be using (one of note is XML) CRs can go missing leaving just LFs. LFs are
always there. The above code robustly handles this situation if it arises.
Anthony.
Jan 27 '06 #3

P: n/a
Matt wrote:
Premise: Inserting data into a database form a <textarea> and
displaying this data through an HTML page.

When inserting data into a database via a text area and then
displaying this data any carriage return that was entered
into the database was lost...
The carriage return is not lost when you store it in the DB. You will still
see it in your HTML source when attempting to display it.
...How can I search the string for the brackets and actually
diplay them? I do not want to use Server.HTMLEncode before I
insert the data into the database...


The usual way of dealing with this is to use Server.HTMLEncode when
injecting into an HTML stream. You can follow this with your replace
function to achieve both goals:

JScript:
<div><%=Server.HTMLEncode(val).replace(/\r\n/g,"<br>")%></div>

vbscript:
<% Set rx = New RegExp : rx.Pattern = vbCrLf : rx.Global = True %>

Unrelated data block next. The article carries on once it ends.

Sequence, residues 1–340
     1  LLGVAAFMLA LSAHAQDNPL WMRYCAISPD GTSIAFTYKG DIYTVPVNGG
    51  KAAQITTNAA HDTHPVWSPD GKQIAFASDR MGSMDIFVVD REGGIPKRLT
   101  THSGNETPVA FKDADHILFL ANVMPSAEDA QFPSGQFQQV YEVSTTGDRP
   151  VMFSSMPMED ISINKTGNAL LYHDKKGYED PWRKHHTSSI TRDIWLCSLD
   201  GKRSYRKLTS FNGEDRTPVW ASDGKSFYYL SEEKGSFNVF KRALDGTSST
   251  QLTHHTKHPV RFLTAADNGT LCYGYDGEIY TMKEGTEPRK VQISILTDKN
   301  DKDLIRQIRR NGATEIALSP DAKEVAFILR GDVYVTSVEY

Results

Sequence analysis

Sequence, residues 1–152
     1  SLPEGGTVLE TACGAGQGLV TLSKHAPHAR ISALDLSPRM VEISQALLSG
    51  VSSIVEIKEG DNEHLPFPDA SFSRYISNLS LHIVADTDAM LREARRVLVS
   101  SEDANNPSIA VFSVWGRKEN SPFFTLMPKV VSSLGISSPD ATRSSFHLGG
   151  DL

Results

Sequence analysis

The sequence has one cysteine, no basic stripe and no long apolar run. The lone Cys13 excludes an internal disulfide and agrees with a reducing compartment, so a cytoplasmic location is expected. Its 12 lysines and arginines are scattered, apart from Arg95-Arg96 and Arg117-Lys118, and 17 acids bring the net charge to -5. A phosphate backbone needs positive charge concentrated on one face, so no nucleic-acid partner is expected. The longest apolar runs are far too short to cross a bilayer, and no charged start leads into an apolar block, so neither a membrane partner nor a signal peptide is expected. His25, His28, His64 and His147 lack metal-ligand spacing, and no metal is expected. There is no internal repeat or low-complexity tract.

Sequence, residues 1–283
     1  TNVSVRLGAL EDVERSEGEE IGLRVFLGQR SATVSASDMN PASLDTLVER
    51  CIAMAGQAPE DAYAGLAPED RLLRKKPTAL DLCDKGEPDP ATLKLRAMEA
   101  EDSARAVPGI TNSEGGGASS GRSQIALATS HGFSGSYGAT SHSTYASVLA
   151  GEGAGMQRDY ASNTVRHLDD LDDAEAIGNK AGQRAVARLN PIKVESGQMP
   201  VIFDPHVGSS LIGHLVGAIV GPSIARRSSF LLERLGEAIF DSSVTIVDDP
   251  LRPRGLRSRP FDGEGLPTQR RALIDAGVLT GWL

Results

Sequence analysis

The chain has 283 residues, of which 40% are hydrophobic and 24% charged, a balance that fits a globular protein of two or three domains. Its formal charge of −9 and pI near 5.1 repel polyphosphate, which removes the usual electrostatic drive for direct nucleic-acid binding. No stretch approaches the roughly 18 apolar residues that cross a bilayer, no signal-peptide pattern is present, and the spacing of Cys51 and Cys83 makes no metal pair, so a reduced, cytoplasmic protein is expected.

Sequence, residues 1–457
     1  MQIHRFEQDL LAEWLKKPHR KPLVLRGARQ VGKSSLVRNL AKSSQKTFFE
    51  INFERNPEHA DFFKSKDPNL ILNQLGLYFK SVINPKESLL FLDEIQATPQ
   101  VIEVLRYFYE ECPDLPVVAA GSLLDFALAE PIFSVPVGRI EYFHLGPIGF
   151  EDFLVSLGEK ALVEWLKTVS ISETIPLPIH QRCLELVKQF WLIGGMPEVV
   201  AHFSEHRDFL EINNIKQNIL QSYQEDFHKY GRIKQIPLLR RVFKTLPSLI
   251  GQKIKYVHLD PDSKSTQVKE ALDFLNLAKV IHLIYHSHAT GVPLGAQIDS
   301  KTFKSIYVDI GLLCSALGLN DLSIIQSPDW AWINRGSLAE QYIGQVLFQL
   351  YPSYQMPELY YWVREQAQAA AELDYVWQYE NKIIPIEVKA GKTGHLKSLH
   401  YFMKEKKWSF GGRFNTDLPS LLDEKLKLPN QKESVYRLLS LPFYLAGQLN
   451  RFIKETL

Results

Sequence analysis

<div><%=rx.Replace(Server.HTMLEncode(val),"<br>")% ></div>

Keep in mind that you do not need to replace your carriage returns when
injecting back into a textarea:

<textarea><%=Server.HTMLEncode(val)%></textarea>

--
Dave Anderson

Unsolicited commercial email will be read at a cost of $500 per message. Use
of this email address implies consent to these terms. Please do not contact
me directly or ask me to contact you directly for assistance. If your
question is worth asking, it's worth posting.
Jan 27 '06 #4

P: n/a

"Matt" <ma***********@manning-napier.com> wrote in message
news:11**********************@f14g2000cwb.googlegr oups.com...
Premise: Inserting data into a database form a <textarea> and
displaying this data through an HTML page.

When inserting data into a database via a text area and then displaying
this data any carriage return that was entered into the database was
lost. I Created a function to replace a carriage return with a <BR>. I
call this function when I display this data.

If I enter text inside <> into a database and then display this data,
any text that was within the <> is lost because it is considered an